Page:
BAN DANGEROUS POISONS
It's time to ban the use of poisons in Canada.
In Canada, long-outdated policies continue to allow the use of three reckless and violent poisons to kill wildlife. They are inhumane, with symptoms being extremely painful and prolonged before death. Indiscriminate killers, they have claimed the lives of people and pets in addition to wildlife.
Strychnine recently underwent re-evaluation as an allowable pesticide in Canada through the federal Pest Management Regulatory Agency (PMRA), which is a sector of Health Canada. Consultation on a proposed decision was scheduled for early 2018, but PMRA indicated they didn't plan to evaluate all of the uses of strychnine during the evaluation, ignoring strychnine used to poison wolves, among others.
In addition, several of Alberta’s provincial use permits for strychnine expired December 31, 2017 only to be renewed renewed for another 5 years, where strychnine is registered for use as a “wolf, coyote & black bear predacide”, skunk poison, and is available to farmers in 2% liquid form as a rodenticide.
“According to the Canadian Council on Animal Care (CCAC 2003), a killing method is humane if it causes rapid (immediate) unconsciousness and subsequent death without pain or distress. Death by strychnine ingestion is inhumane, as it causes frequent periods of tetanic seizures, occasional cessation of breathing, hyperthermia, extreme suffering, and death from exhaustion or asphyxiation, which typically occurs within 1–2 hours of the onset of clinical signs (Khan 2010). However, death can take up to 24 hours or longer if the dose is low (Eason & Wickstrom 2001).
The use of strychnine to kill wolves is in contravention of CCAC guidelines (CCAC 2003), the American Veterinary Medical Association (AVMA 2013), the Canadian Veterinary Medical Association (2014), and the American Society of Mammalogists (Sikes et al. 2011)”.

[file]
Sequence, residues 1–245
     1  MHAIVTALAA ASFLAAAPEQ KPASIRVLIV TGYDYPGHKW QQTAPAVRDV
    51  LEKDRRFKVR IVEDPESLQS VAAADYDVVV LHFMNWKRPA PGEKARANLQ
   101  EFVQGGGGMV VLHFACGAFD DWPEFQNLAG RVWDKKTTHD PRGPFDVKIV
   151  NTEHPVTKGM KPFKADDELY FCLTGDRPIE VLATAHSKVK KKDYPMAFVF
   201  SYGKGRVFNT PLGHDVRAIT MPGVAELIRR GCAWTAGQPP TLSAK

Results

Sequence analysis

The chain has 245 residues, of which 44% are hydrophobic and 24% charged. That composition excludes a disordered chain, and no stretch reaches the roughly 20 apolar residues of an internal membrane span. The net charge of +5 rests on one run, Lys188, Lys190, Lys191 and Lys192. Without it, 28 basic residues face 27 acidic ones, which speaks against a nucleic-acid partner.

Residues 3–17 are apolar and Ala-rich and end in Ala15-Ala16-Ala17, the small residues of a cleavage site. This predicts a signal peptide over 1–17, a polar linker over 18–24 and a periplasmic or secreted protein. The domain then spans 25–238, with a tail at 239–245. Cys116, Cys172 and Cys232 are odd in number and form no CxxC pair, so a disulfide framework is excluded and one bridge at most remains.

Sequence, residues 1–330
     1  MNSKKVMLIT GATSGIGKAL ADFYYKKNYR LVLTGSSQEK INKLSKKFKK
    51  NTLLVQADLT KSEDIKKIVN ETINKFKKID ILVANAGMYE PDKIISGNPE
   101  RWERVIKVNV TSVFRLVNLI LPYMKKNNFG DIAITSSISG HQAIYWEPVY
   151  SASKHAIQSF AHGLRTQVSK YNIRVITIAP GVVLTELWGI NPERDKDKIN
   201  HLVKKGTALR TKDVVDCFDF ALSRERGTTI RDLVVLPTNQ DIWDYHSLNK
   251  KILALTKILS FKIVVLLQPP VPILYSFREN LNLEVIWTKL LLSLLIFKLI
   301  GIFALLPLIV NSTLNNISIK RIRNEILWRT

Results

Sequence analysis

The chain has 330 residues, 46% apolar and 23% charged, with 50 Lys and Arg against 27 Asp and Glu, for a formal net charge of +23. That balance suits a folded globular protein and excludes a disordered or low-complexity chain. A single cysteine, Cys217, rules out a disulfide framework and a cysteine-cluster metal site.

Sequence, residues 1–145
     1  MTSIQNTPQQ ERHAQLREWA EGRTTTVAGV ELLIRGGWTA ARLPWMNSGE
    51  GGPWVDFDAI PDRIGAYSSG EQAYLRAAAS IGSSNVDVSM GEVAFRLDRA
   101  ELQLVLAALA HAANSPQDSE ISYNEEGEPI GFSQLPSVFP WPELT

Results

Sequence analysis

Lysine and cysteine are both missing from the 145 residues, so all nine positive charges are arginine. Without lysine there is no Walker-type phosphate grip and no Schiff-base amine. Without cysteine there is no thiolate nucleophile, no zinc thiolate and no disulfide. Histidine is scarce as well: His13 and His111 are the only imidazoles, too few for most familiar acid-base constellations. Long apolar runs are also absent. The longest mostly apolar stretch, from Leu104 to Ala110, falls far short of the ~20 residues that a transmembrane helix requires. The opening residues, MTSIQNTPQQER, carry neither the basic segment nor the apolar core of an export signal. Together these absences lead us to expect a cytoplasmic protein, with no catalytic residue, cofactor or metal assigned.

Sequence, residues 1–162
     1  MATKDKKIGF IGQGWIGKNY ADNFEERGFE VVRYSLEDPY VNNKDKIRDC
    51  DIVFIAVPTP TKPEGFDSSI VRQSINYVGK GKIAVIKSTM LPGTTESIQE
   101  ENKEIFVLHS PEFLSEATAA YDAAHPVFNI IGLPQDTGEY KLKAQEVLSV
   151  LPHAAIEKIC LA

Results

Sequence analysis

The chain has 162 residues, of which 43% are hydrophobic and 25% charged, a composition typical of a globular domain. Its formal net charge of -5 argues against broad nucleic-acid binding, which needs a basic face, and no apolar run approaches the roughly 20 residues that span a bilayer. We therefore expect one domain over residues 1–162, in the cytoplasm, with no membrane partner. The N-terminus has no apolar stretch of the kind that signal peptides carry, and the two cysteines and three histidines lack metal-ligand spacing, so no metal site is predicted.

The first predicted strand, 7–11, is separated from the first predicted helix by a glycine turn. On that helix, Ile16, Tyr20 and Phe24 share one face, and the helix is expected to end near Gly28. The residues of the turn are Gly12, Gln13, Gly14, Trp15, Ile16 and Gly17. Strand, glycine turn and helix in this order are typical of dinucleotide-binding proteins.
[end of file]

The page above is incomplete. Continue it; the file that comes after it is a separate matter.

We are trying to ensure that PMRA conducts a complete evaluation that includes recent condemnation from the scientific community and the Alberta government’s data which outlines the staggering number of non-target deaths recorded in a single area. Indeed, more non-target wildlife died than the number of caribou in the herd the government is supposedly trying to protect.
Public input is necessary to show that Canadians won’t stand for toxins that torture wildlife, decrease biodiversity, and pose a serious threat to the safety of people and pets.
Sodium cyanide and Compound 1080 are to be re-evaluated in the early 2020’s, but we believe that all three convulsion-causing predacides must be re-evaluated and banned.
As long as these products remain available in Canada these poisons will continue to kill wild and domestic animals across the country, such as these recent strychnine deaths in British Columbia.
WHY BAN STRYCHNINE, COMPOUND 1080 AND SODIUM CYANIDE?
1. These chemicals are a cruel method of killing wildlife.
2. These poisons are a threat to species at risk and biodiversity.
3. These poisons are unnecessary and ineffective. Better alternatives exist.
4. They pose a serious threat to the health and safety of people and pets.
One teaspoon of Compound 1080 can kill 30-100 people. There is no antidote.
5. These toxins have been banned in several jurisdictions. It is time for Canada to follow suit.
WHERE POISONS ARE BEING USED IN CANADA TO KILL WOLVES AND COYOTES
These poisons are showing up in places where they are not permitted, which reinforces concerns surrounding misuse of these highly dangerous toxins as long as they are available in the country.
Companies and agencies are required to apply to register products with Health Canada’s Pesticide Management Regulatory Agency when they want to include poison in their products.
Currently, Alberta has permits for all 3 poisons, Saskatchewan has permits for 2 (Compound 1080 and strychnine) and Manitoba farmers are registered to use strychnine.
Find out if these poisons have been used near you. Ask your MP and look at the records from 2010-2016 on this map:
Several of Alberta’s provincial use permits for strychnine expired December 31, 2017 only to be renewed renewed for another 5 years, where strychnine is registered for use as a “wolf, coyote & black bear predacide”, skunk poison, and is available to farmers in 2% liquid form as a rodenticide.